> NT and I unzipped it to a directory on the Desktop
> > > How does one execute the AutoNormaliser? I Run the exe and it brings up an Command window for a brief second. Does it run on NT? :) Sorry for the lame question
> > > -NoGood
> > it runs at the 'dos prompt'
> > which version of windows do you have installed and in which directory did you put the files from the zip?
NT eh? version 4.0? Ok, this is from memory..
first, a directory on your desktop is a really bad place to put it, from me trying to explain it point of view. Lets assume you extracted all the files to a directory called "c:\modding\normals" - you can always just move them here with Windows Explorer.
Also, I'll assume that the voxel file you want to auto-normalise is also in this directory. You can move voxel files into this directory to auto-normalise them, then move the results to whereever with Windows Explorer.
In my instructions I've been careful to put all the bits you try in speechmarks- leave them off when you type the command!
1) On your start menu, select run. (don't want to try to remember the menu structure in NT)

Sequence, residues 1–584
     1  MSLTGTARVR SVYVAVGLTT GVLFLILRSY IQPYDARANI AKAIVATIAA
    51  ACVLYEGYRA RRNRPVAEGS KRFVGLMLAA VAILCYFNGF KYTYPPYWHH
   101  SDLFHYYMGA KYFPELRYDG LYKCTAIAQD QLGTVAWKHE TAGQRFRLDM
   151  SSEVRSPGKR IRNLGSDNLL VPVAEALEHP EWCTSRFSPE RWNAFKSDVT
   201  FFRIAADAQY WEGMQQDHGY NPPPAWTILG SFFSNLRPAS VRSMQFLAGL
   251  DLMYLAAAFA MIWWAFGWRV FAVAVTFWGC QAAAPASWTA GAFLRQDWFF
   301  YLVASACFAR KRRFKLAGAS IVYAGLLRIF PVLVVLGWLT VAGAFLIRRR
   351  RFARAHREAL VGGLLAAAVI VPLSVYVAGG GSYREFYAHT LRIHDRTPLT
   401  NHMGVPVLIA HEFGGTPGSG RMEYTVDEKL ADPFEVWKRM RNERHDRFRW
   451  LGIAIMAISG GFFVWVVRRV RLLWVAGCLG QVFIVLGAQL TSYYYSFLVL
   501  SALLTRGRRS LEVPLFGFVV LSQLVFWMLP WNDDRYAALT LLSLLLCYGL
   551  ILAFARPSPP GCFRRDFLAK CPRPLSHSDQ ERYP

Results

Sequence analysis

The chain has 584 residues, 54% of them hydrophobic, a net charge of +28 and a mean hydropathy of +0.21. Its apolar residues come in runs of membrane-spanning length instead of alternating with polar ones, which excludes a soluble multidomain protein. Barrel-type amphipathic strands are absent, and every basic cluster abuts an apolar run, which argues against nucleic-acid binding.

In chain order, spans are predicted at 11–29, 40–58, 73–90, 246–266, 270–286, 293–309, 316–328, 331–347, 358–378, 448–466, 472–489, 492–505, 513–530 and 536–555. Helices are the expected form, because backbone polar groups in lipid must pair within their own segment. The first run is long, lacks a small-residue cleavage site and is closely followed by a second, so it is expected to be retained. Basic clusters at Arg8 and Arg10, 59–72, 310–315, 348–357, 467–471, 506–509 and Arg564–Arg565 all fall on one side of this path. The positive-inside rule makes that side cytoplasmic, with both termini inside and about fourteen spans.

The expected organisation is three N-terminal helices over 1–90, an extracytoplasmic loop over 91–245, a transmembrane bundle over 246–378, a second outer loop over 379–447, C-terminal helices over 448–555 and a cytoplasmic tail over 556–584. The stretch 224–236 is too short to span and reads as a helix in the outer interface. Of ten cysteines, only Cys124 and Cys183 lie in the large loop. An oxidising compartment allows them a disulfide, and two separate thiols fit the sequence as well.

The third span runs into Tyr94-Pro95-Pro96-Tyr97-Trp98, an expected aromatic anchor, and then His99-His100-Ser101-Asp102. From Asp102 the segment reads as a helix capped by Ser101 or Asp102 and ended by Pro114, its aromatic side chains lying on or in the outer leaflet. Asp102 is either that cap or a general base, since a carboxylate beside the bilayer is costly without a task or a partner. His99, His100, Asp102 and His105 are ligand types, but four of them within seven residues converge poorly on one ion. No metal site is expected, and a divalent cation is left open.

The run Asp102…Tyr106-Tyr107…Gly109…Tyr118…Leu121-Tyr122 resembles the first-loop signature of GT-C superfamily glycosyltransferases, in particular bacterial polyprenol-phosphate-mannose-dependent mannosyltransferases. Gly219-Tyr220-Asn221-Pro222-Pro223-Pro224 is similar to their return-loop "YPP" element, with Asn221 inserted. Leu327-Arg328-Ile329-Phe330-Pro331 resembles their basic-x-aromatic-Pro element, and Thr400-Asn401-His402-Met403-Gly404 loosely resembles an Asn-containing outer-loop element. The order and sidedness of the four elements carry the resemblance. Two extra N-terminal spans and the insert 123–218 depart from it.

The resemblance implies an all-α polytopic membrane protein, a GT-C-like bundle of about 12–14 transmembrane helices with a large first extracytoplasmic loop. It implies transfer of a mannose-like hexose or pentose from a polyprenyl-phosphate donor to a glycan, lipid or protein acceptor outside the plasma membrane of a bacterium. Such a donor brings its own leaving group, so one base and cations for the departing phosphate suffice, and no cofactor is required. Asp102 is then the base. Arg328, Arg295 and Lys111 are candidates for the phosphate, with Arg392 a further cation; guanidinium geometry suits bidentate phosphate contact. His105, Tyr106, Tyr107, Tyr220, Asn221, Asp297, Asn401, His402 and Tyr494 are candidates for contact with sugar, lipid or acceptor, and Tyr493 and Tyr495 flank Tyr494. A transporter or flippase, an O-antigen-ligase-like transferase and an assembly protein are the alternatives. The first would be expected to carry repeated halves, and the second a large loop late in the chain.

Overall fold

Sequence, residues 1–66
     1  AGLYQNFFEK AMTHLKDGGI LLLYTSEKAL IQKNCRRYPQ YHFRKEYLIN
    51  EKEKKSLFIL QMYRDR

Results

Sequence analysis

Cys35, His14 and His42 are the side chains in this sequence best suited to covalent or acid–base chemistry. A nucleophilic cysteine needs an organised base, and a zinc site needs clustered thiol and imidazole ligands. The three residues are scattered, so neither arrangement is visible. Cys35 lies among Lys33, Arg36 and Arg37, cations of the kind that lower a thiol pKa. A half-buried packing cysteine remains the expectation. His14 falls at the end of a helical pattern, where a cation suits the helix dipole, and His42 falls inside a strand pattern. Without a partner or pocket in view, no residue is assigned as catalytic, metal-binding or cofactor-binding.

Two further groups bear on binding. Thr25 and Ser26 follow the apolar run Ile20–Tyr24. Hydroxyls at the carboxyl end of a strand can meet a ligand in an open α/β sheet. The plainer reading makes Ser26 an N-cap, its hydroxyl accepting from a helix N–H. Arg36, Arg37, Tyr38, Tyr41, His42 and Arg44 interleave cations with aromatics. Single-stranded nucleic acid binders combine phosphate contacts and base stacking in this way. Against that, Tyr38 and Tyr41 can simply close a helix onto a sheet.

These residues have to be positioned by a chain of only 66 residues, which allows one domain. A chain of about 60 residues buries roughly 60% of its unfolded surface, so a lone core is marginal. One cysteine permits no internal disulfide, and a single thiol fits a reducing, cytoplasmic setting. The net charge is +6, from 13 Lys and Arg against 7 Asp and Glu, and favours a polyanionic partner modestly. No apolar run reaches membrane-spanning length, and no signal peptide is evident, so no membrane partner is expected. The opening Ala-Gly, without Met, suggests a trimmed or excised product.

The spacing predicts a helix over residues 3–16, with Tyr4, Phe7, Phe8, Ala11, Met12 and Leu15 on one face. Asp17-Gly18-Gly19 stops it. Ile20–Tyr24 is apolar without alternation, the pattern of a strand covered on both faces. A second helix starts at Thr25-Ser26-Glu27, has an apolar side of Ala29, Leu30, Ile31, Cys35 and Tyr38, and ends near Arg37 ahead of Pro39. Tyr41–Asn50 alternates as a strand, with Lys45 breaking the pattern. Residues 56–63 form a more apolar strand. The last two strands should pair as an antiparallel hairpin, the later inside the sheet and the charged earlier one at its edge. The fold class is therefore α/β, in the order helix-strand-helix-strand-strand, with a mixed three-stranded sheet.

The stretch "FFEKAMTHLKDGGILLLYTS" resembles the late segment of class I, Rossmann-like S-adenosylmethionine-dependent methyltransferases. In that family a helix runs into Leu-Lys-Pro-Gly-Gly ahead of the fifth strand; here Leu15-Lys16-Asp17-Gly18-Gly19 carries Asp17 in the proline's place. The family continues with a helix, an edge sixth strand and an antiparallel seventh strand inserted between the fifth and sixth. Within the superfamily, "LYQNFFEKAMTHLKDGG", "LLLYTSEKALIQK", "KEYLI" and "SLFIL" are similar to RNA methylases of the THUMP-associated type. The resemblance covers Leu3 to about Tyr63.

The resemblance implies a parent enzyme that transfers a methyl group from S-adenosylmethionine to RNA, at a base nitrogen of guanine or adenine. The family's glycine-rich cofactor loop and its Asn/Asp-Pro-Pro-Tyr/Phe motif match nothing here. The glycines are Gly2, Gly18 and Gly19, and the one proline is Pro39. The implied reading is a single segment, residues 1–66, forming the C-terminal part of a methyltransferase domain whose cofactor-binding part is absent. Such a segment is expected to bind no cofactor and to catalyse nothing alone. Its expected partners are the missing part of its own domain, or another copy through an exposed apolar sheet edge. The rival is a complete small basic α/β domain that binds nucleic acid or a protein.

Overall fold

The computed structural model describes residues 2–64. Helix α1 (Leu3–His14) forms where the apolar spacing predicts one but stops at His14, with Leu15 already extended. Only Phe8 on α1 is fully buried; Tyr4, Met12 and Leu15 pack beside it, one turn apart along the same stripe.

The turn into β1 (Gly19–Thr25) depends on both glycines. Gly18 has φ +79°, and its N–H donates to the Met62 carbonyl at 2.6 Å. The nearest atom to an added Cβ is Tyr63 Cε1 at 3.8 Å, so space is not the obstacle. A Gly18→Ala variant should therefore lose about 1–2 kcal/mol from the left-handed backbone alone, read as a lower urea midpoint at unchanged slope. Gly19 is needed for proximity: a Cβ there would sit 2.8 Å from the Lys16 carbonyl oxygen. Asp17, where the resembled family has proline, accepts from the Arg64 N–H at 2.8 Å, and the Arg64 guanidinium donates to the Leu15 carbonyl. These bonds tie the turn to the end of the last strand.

2) A little box appears- type in "%COMSPEC%"; if you get an error message, try typing "cmd" or "command" instead
3) A black 'command prompt' window appears; there is a prompt that probably says "C:\WINNT>" or something and a cursor flashing.
4) Type "c:" and press enter; the prompt should now definitely start with the letter "c"
5) Type "cd \modding\normals" and press enter; the prompt should now read "c:\modding\normals>"
6) Now, it depends what you want to do; for a start, type in "normaliser1" and press enter; you should get a whole list of things that will work. If you get "bad command or filename", my instructions haven't worked!
7) To autonormalise a voxel file, in my example called "CLAW.VXL" (replace with whatever yours is called), you'd type:
normaliser1 apply CLAW.VXL flyby2.ts.normals CLAW2.VXL
This will 'apply' the normals scheme in the file "flyby2.ts.normals" (check I've spelt the name right- there should be a file with this name in the same directory as the auto-normaliser) to "CLAW.VXL" and save the auto-normalised voxel as "CLAW2.VXL". It always creates a new file, as you wouldn't want it crashing and messing up your own voxel files! If you are happy with the normals, you can always replace "CLAW.VXL" with "CLAW2.VXL" later.
8) The tool can also produce reports of what normals are used in existing files, if you are keen on tweaking the normals scheme yourself. It can also 'optimise' your own voxel models by removing those voxels that are completely out of view inside the model, that just slow down the game slightly and take up memory and disk-space and add nothing to the game! We have recently tweaked this function too, as the previous version took away some voxels sometimes that COULD be seen; we believe this has been fixed now, and that 'optimising' is again a 'good thing'!